Tuesday, May 31, 2016

Texas DSHS Announces 1st Locally Acquired Chikungunya Case

Cameron County - Credit Wikipedia














#11,414


While we wait to see when we get the first locally acquired vector transmitted Zika infection in the continental United States, two other mosquito borne viruses are also on our radar:

Dengue and Chikungunya.

Dengue Resurfaced In Key West in 2009 after a 70 year absence, and has periodically shown up in Texas since the early 2000's.  The handful of outbreaks reported in Florida and Texas  in recent years have been small, localized and short lived.

Chikungunya was introduced to the Caribbean by viremic travelers in 2013, who inadvertently `seeded’ the virus into the local mosquito population. Since then millions have been infected across the Americas, although Florida is the only state to have reported (a small number) of locally acquired cases.

That is, until today. 

Although we are just learning about it this afternoon, it appears Texas had a locally acquired case of CHKV back in November of last year, which was contracted in the southernmost county in the state.

Brownsville is the largest city, and county seat of Cameron County, which lies on the border with Mexico, where last November the CDC issued Updated Travel Notices: Chikungunya In Mexico & Central America.

Exactly why this case wasn't reported to health authorities until very recently isn't clear, but the DSHS reminds labs and doctors of the need to report cases promptly in today's announcement.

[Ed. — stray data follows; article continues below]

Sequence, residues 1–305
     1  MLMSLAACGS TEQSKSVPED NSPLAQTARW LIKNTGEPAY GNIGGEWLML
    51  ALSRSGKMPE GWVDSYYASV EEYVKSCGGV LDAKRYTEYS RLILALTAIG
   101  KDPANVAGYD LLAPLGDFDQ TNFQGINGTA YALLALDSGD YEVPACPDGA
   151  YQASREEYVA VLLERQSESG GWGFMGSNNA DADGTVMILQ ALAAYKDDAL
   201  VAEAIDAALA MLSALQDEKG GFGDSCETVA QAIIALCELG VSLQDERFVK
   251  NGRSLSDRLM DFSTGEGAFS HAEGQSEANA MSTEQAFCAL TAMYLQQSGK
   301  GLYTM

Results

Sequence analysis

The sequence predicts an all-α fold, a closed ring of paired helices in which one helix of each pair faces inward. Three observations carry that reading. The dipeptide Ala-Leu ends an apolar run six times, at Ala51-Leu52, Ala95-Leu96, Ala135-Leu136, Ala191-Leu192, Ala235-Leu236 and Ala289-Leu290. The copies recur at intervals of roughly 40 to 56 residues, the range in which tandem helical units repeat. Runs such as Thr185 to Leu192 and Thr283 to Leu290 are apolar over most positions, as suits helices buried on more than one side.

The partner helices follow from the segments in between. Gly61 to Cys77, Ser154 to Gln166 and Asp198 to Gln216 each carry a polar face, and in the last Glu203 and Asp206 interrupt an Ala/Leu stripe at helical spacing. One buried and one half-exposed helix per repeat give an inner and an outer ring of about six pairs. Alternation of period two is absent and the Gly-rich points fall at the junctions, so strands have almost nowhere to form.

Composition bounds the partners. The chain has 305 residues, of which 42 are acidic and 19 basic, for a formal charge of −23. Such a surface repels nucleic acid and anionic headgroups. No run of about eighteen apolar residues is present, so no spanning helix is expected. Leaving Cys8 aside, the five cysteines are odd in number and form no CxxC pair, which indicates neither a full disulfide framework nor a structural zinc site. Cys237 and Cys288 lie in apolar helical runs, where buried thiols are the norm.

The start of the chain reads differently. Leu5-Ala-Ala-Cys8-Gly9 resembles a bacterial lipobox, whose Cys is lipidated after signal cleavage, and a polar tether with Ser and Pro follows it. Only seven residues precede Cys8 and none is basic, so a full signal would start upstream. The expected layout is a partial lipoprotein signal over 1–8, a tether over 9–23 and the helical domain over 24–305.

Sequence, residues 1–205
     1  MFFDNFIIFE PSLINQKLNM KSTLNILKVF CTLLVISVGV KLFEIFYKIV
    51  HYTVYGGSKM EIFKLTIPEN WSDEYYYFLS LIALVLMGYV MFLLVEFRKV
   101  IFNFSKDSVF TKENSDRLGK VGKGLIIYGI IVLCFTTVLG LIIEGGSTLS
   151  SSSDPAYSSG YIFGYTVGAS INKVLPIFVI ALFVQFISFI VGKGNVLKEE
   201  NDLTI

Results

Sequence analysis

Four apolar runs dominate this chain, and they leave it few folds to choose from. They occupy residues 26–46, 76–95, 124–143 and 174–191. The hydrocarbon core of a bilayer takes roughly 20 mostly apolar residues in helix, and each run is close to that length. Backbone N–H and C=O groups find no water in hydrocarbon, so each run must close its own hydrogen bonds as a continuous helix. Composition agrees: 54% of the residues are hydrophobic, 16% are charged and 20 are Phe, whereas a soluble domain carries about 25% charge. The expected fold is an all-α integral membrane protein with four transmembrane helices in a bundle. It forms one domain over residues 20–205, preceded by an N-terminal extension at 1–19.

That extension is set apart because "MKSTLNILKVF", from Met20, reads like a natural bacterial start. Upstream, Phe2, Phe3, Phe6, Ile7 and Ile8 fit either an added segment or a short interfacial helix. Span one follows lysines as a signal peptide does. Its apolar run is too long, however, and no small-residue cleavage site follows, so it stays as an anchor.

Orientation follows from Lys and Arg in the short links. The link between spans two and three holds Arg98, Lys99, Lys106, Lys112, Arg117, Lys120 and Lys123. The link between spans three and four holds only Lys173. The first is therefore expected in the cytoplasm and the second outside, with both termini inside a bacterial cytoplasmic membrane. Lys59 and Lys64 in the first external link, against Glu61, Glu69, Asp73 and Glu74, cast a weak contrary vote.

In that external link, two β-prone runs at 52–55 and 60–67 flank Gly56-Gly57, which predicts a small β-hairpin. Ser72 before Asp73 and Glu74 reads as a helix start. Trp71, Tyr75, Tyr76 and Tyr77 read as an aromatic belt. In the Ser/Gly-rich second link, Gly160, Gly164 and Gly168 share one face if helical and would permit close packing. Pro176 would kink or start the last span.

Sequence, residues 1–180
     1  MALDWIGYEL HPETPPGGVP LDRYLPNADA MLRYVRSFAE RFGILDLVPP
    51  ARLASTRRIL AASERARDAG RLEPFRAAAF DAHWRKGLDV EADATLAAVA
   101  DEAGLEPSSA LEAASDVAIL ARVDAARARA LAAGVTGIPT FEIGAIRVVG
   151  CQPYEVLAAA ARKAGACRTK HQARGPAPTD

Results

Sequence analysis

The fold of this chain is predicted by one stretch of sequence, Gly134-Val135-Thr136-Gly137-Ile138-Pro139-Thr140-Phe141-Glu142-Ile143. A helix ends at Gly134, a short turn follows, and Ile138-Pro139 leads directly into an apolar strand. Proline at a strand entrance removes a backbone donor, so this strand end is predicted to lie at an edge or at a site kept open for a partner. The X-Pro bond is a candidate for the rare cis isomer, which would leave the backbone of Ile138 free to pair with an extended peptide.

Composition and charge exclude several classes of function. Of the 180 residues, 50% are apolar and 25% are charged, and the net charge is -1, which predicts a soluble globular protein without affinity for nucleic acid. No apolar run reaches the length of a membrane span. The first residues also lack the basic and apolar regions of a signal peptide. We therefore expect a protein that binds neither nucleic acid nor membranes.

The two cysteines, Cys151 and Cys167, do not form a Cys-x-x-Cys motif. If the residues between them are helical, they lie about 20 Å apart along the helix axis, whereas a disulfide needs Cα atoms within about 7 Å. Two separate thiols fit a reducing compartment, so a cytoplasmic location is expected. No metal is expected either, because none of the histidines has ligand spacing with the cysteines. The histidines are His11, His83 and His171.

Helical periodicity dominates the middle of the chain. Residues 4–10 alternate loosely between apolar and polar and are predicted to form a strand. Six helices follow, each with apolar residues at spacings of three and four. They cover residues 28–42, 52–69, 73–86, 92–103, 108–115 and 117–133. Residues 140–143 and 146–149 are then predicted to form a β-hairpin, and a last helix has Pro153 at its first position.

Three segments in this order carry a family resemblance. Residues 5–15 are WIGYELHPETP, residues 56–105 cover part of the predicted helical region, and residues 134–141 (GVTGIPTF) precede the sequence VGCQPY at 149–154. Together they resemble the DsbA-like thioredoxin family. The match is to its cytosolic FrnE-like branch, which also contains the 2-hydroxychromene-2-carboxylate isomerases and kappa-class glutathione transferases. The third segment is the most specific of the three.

DSHS Announces First Texas-Acquired Chikungunya Case  

Recently reported case contracted in 2015

The Texas Department of State Health Services has confirmed the first locally acquired case of chikungunya, a mosquito borne illness. A Cameron County resident got sick with the illness in November 2015 and was diagnosed with a lab test in January 2016. The case, however, was not reported to the local health department until last month. The investigation performed by the Cameron County Department of Health and Human Services determined the patient had not traveled, and the case was confirmed last week by testing at the US Centers for Disease Control and Prevention.

Chikungunya disease is a viral illness spread by mosquitoes and was first detected in travelers returning to Texas from areas with local transmission in 2014. All previous Texas residents who contracted the illness were infected while traveling abroad. Because this case was contracted more than six months ago and mosquito surveillance has not found chikungunya in local mosquitoes, the primary risk of infection remains related to travel. DSHS encourages people to protect themselves from mosquito bites at home and while traveling to stop the spread of chikungunya, Zika and West Nile virus.

Chikungunya and most other viruses transmitted by mosquitoes are required to be reported to the local health department or DSHS regional office within one week. DSHS reminds laboratories and health care providers to report cases promptly so health officials will have the information they need to make decisions that will protect public health.
Chikungunya illness is rarely fatal but can cause severe joint pain, high fever, head and muscle aches, joint swelling and rash. Most people feel better within a week, though some may develop longer-term joint pain.

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